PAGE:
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by Rochelle S. Cohen


I Hear a Symphony


Black holes collide in the cosmos,
like cymbals crashing and punctuating
the dramatic climax of a symphony.
Ripples of gravitational waves then flow
across the fabric of space undetectable
to our senses but translated by ingenuity
to an audible sound akin to a bird’s chirp.
A billion years after the collision,
we, the audience, awed and thrilled
by the distant song of space-time,
composer and conductor still unknown,
hear the momentary melody echoing
a concert performed an eternity ago.



Night and Day


For Dr. Jeffrey C. Hall, Dr. Michael Rosbash

and Dr. Michael W. Young


A five am telephone call

came from Stockholm in the fall.

As soon as the three opened their eyes

they learned they won the Nobel Prize.

The Swedish Academy made their pick

for the AHA! that makes us tick.

They unlocked the mysterious black box

holding the secret to biological clocks.

They revealed the keeper of inner time

A discovery nothing short of sublime.


When it came as a propitious surprise

that slumber comes to sleepy fruit flies,

Drosophila’s cycles paved the way

to how we adapt to night and day.

The hidden answer, the three did concur,

is the period gene’s protein called PER.

From rooster’s crowing it’s time to rise

to Sandman’s sprinkling sand in our eyes

by looking through a molecular prism

they found the key to biological rhythm.



A Summer Place


Family reunion, biologists and sea faring

invertebrate kin meet for a summer at the

Marine Biological Lab at Woods Hole.

An animal kingdom family tree, a getting

to know all about you research happening

that acquaints us with our aquatic ancestors.


Squid, perhaps the patriarchs of the picnic,

with their goliath nerve fibers - giant axons,

move fast and furious as they furtively squirt

charcoal clouds of ink at the unfamiliar,

masking their swift retreat, Lone Ranger-style

before starring as calamari for dinner al fresco.


And, in an astonishing evolutionary shocker

the acorn worm, an eye-less, ear-less, brain-less

burrowing marine invertebrate, reveals the secret

of how our mind-blowing embryonic brains rely

on “signaling centers,” comparable to those in the

developing worm’s molecular and genetic toolkit.


Even a bit of tabloid gossip, salacious headlines,

“Bdelloid Rotifers: Scandalous Microscopic ‘Wheel

Organisms,’ Survive Successfully Without Sex for

Eighty Million Years.” Like the mythical tribe of Greek

Amazon women warriors, they live in an all-female world,

and persist on pilfered DNA, pirated from other species.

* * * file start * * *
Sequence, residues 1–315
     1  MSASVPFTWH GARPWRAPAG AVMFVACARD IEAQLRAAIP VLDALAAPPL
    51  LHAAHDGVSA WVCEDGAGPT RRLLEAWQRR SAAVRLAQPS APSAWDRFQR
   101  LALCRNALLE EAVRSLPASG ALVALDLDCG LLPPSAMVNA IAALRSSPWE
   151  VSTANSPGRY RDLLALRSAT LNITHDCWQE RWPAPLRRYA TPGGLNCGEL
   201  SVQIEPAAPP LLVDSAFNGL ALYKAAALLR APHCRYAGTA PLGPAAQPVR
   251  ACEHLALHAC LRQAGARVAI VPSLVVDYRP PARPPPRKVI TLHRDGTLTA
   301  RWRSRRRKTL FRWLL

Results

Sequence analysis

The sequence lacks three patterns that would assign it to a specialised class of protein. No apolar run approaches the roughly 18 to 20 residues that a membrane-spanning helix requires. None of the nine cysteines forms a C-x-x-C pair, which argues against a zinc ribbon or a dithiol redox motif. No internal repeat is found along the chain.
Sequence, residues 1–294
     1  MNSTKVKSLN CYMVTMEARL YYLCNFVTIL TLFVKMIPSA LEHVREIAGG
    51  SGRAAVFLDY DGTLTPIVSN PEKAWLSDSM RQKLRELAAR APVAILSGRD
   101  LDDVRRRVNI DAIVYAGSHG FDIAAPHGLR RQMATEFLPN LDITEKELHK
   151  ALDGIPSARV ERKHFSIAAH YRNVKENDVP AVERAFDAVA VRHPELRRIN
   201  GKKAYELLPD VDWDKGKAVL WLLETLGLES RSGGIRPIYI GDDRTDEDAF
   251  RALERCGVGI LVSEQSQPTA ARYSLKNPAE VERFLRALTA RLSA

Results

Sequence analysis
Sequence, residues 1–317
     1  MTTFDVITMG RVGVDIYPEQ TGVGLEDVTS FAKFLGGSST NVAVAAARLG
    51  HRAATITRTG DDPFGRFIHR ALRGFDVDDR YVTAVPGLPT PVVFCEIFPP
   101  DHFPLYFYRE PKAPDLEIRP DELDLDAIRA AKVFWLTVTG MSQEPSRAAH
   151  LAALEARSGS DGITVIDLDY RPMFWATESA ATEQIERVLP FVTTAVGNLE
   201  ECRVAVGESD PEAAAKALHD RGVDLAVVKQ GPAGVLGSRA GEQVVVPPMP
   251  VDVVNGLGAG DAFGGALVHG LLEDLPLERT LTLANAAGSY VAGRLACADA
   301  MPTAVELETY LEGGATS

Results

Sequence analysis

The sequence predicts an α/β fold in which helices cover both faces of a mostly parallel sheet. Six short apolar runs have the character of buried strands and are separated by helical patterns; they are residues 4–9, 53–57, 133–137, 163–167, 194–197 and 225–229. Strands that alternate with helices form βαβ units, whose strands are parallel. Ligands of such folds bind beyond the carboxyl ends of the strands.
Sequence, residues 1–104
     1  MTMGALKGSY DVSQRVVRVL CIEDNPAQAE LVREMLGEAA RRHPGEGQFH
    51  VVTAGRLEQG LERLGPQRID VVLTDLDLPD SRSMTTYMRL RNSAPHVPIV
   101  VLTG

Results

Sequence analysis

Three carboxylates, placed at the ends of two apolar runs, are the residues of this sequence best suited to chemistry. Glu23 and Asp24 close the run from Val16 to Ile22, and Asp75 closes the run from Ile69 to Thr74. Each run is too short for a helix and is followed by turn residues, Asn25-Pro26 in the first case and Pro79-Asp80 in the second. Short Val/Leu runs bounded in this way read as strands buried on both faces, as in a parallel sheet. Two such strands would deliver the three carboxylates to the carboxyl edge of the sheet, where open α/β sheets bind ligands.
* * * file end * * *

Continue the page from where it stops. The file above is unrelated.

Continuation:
Most remarkable of participants are the Summer Scientists.

Their minds are boundless vessels of insatiable curiosity,

with spirits of exuberant passion, persistence and purpose,

as well as, a laser-beam-like focus on fundamental facts.

Yet, they are souls, who see the beauty of nature like a poet,

and, who seek to understand the elegance of poetry within it.



Starry Night


They took us along on their celestial ride

To see and hear two dead stars collide

One hundred thirty million light-years from here

Van Gogh’s Starry Night made its premier

The astronomers detected a kilonova surprise

With sensors for our ears and for our eyes

A chirp heard from gravitational waves

Light seen from a flash of gamma rays

The reverberations sensed around the world

From two dead neutron stars aft they swirled

And collided in brilliant, burning balls of fire

Stars ablaze in a heavenly funeral pyre

Then came the rain from the firmaments

A deluge of heavy elements

Like a wind casting forth flowers’ petals

Flew platinum and silver, our precious metals

One day you are going to be so bold

And look for the illusive pot of gold

Remember it fell from the cosmos light years ago

And landed at the end of your ephemeral rainbow



Bio for Rochelle S. Cohen


Rochelle S. Cohen is presently Professor Emerita at the University of Illinois at Chicago, where she was the recipient of the 2008 College of Medicine at Chicago Distinguished Faculty Award. She is a neuroscientist with publications in synaptic structure and biochemistry and hormonal effects on brain and behavior. Rochelle is presently studying the Brazilian Portuguese language. Her love of marine biology is reflected in her present endeavor of writing a book of poetry about marine life and science.  She was married to the writer and artist Rex Sexton.


Some of these poems were published in: The Avocet, PoetsWest and Lone Stars.  privacy statement